Date Published: 1925
Goodreads Synopsis: A portrait of the Jazz Age in all of its decadence and excess, The Great Gatsby captured the spirit of the author’s generation and earned itself a permanent place in American mythology. Self-made, self-invented millionaire Jay Gatsby embodies some of Fitzgerald’s–and his country’s–most abiding obsessions: money, ambition, greed, and the promise of new beginnings. “Gatsby believed in the green light, the orgiastic future that year by year recedes before us. It eluded us then, but that’s no matter–tomorrow we will run faster, stretch out our arms farther…. And one fine morning–“Gatsby’s rise to glory and eventual fall from grace becomes a kind of cautionary tale about the American Dream.
It’s also a love story, of sorts, the narrative of Gatsby’s quixotic passion for Daisy Buchanan. The pair meet five years before the novel begins, when Daisy is a legendary young Louisville beauty and Gatsby an impoverished officer. They fall in love, but while Gatsby serves overseas, Daisy marries the brutal, bullying, but extremely rich Tom Buchanan. After the war, Gatsby devotes himself blindly to the pursuit of wealth by whatever means–and to the pursuit of Daisy, which amounts to the same thing. “Her voice is full of money,” Gatsby says admiringly. His millions made, Gatsby buys a mansion across Long Island Sound from Daisy’s patrician East Egg address, throws lavish parties, and waits for her to appear. When she does, events unfold with detached, cynical neighbor Nick Carraway acting as chorus throughout.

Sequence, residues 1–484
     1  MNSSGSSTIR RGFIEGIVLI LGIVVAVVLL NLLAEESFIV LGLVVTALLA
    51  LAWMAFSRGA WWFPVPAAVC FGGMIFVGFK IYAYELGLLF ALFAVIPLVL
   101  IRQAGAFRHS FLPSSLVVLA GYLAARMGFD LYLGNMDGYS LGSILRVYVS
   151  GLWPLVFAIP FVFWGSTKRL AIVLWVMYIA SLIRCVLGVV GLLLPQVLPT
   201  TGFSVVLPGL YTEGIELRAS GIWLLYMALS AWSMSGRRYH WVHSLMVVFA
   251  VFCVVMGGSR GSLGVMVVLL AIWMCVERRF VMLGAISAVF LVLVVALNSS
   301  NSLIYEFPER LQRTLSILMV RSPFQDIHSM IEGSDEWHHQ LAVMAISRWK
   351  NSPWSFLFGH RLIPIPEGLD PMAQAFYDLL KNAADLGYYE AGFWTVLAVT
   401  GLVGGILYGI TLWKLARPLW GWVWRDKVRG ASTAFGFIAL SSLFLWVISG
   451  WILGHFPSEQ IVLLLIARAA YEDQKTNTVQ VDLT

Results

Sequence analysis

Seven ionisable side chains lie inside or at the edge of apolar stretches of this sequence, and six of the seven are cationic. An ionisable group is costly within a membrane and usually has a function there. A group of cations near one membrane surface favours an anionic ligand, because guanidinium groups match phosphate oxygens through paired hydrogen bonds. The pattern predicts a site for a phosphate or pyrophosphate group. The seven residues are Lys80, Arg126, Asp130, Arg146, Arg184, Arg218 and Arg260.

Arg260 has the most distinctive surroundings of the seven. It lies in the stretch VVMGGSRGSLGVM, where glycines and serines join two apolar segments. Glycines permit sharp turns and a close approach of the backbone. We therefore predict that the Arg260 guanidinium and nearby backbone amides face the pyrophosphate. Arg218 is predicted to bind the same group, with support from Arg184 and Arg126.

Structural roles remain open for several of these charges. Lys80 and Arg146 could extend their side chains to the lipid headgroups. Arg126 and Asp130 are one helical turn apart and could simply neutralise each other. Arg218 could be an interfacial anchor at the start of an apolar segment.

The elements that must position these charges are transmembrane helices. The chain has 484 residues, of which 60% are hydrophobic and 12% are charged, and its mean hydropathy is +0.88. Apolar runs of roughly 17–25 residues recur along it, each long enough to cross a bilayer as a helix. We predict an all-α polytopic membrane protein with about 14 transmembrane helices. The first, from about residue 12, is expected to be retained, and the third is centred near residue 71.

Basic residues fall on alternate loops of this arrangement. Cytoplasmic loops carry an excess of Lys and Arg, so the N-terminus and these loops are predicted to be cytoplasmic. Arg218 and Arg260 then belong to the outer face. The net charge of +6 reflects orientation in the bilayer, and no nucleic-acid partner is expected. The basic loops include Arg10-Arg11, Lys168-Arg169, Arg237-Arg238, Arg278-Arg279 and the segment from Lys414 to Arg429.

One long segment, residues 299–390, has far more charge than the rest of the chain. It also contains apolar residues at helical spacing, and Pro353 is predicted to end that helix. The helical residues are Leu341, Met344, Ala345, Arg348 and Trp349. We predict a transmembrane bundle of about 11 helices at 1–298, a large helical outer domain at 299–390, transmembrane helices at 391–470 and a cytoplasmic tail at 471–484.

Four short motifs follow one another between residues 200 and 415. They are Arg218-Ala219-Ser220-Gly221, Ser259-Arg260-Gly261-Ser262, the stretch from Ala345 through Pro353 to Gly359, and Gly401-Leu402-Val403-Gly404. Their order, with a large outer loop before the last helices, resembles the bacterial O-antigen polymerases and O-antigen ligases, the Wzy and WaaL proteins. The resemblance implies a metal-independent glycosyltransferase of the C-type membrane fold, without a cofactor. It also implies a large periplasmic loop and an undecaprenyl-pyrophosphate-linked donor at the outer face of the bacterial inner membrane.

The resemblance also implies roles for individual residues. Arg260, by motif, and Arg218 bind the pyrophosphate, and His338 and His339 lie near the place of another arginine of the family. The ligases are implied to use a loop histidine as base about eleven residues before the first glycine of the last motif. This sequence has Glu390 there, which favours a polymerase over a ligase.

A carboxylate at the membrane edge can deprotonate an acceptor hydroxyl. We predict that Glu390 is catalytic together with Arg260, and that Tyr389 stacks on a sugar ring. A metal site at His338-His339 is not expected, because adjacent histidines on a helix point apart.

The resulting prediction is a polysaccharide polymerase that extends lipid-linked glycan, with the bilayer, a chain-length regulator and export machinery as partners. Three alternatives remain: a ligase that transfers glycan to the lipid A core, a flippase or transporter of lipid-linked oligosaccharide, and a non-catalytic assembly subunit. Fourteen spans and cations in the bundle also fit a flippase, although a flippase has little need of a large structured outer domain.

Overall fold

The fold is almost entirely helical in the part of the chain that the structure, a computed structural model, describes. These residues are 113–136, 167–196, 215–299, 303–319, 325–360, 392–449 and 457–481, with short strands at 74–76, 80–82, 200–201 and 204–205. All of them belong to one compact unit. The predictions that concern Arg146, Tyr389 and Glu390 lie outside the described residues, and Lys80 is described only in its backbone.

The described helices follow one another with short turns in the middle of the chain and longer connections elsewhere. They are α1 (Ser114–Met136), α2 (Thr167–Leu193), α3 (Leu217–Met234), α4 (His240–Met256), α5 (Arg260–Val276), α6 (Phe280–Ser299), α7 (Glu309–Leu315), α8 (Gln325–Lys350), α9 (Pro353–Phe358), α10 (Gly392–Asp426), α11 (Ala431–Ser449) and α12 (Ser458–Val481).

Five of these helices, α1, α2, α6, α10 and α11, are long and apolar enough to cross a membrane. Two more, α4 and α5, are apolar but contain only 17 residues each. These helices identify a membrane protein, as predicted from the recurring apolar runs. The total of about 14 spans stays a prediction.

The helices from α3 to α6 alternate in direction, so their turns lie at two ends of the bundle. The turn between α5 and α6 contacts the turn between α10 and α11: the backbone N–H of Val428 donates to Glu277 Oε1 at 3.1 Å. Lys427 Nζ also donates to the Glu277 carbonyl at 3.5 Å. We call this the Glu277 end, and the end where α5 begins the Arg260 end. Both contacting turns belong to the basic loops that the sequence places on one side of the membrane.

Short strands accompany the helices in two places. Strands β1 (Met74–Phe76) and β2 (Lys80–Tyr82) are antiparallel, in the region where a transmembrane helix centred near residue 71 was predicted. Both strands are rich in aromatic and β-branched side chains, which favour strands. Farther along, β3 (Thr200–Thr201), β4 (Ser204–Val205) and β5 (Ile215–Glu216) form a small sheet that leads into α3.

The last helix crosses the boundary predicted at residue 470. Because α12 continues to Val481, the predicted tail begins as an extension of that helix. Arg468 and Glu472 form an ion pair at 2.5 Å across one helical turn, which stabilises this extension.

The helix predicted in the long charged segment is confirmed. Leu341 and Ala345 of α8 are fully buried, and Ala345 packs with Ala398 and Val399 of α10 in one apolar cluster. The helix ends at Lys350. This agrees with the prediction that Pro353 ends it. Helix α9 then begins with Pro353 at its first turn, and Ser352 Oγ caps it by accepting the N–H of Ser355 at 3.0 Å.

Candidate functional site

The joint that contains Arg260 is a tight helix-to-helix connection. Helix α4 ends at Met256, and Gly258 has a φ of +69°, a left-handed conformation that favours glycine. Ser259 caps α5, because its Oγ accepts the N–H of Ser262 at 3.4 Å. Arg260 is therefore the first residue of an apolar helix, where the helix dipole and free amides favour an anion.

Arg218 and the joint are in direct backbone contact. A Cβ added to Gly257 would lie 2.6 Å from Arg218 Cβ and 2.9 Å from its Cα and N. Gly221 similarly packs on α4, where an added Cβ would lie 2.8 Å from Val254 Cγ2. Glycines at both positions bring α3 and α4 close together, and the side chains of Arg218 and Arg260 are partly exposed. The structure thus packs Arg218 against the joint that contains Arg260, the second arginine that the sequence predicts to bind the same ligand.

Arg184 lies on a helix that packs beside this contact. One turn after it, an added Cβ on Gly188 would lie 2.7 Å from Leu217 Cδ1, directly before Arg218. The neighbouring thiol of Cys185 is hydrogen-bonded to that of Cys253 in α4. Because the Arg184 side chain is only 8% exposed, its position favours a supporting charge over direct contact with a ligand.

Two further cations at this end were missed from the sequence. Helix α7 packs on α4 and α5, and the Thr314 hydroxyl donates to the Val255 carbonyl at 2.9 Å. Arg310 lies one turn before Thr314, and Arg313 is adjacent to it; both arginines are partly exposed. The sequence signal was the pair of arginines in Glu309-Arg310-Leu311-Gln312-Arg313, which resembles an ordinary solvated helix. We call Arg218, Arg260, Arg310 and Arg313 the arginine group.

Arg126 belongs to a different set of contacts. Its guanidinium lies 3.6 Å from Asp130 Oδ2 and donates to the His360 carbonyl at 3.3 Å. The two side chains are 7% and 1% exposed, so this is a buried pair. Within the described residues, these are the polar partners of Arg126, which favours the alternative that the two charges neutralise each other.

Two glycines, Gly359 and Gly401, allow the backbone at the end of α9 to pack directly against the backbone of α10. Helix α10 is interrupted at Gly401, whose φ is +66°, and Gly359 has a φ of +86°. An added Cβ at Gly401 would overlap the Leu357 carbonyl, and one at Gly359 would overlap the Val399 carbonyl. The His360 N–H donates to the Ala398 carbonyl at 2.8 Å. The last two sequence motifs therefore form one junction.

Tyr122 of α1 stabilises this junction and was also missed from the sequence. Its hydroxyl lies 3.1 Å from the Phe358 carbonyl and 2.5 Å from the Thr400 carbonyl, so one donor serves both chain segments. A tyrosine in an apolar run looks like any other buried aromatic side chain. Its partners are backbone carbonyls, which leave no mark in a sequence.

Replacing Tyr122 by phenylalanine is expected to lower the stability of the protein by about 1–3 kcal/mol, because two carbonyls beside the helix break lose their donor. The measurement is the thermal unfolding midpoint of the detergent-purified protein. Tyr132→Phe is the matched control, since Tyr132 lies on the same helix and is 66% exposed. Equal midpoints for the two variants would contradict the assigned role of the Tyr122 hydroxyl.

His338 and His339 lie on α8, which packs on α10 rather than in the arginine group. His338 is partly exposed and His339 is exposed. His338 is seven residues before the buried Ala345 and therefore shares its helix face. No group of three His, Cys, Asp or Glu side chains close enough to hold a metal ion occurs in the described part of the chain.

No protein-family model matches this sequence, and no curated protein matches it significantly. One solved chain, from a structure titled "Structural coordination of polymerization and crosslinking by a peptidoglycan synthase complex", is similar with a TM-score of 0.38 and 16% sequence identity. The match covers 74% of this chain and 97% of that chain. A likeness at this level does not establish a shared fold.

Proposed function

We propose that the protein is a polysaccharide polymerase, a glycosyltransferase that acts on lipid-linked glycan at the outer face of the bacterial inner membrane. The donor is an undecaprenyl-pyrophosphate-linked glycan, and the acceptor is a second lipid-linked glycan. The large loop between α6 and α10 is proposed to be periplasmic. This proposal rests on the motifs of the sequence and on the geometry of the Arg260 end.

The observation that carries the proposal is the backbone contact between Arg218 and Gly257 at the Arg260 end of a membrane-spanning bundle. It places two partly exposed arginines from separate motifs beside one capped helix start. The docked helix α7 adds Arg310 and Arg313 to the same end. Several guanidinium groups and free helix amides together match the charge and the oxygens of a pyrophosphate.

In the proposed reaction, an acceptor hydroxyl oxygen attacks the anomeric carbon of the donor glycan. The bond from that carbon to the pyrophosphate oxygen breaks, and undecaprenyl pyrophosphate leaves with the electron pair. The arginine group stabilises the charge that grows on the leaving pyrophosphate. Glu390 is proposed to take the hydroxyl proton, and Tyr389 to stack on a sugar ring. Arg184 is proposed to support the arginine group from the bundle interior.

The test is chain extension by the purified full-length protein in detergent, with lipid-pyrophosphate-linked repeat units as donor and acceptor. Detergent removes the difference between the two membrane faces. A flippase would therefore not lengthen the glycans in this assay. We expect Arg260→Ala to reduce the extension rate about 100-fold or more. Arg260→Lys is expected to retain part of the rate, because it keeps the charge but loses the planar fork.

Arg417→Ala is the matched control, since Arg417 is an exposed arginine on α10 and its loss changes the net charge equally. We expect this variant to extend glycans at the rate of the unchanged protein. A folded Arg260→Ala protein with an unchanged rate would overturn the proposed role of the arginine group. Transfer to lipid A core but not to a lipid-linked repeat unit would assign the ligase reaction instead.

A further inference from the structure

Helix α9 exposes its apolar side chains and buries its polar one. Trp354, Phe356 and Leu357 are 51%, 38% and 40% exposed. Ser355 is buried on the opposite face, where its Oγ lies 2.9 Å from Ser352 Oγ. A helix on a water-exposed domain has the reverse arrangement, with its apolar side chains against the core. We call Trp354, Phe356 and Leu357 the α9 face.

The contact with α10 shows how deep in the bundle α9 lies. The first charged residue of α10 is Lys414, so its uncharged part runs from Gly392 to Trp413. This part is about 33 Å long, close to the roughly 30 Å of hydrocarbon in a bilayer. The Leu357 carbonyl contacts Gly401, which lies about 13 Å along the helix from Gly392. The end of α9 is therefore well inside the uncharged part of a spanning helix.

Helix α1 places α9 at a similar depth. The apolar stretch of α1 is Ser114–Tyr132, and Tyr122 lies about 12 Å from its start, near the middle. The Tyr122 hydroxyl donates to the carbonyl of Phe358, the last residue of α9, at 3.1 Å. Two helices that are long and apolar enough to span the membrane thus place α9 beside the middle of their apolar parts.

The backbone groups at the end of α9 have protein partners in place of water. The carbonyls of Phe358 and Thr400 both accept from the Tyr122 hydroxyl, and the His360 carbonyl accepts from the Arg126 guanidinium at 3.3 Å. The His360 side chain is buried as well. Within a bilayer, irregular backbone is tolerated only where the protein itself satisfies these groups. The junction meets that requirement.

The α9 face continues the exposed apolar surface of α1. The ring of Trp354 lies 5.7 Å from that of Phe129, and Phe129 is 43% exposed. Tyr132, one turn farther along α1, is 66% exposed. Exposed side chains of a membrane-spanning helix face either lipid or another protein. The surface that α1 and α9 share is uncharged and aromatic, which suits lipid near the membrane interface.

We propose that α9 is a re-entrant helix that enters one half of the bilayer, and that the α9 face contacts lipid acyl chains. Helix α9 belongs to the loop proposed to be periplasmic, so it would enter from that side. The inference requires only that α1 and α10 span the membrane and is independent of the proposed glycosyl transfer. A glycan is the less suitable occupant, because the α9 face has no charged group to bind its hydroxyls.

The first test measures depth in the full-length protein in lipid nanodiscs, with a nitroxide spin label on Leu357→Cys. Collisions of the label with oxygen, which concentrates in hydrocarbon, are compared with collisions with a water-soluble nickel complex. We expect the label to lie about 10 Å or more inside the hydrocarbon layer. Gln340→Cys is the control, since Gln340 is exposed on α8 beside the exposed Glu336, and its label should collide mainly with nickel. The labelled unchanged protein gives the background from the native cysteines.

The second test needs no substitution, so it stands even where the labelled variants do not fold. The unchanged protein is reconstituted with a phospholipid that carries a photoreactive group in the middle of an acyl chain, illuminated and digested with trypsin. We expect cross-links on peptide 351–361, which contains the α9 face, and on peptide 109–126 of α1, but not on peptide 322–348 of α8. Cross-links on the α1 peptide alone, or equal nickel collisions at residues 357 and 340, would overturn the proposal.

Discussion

My View: Sometimes it’s just hype and at other times, the hype is just right. The hype about this one being a classic kept scaring me away, yeah, I am scared of books that take time to enter my head. And that hype was so wrong. Well, atleast in the it being classicy classic way. I took 6 months to read Crime and Punishment and not just because of its hefty size. This? This, I finished in a few hours marathon at night that ended at 4:30 am. Yeah! The hype that was right – of this being a good book. It was. It certainly was.
First few pages (make that 50), I wasn’t sure where this book was heading. And I would certainly not have said it was going great. It was easy to understand and smoothly going by, definitely. But I was curious to know Gatsby, the person the book was named after. And so far it looked that the book was more about the narrator. ‘Hurry up, will you?’, I said. This book is only 140 pages long! I want to know you, Gatsby. Come, meet me.
And then, things changed. Gatsby was being unraveled, and I was liking it. Oh, so this is what he is all about. My my! I would love to have me a man like that. 5 years, did you say! (Not revealing much in order not to give spoilers).
The writing is fluid and makes for an interesting narrative. The plot is innovative, to say the least. And I do love myself some old romance devoid of physical intimacy and sex that are rampant in the current romance genre books. Do I sound like an old lady, because I assure you I am not.
The book is easy to read and one classic you can finish in a few hours. You don’t have to rack your brains over this one, for sure. There are some strange coincidences in this book that make you wonder, ‘oh really; life is certainly a mystery’.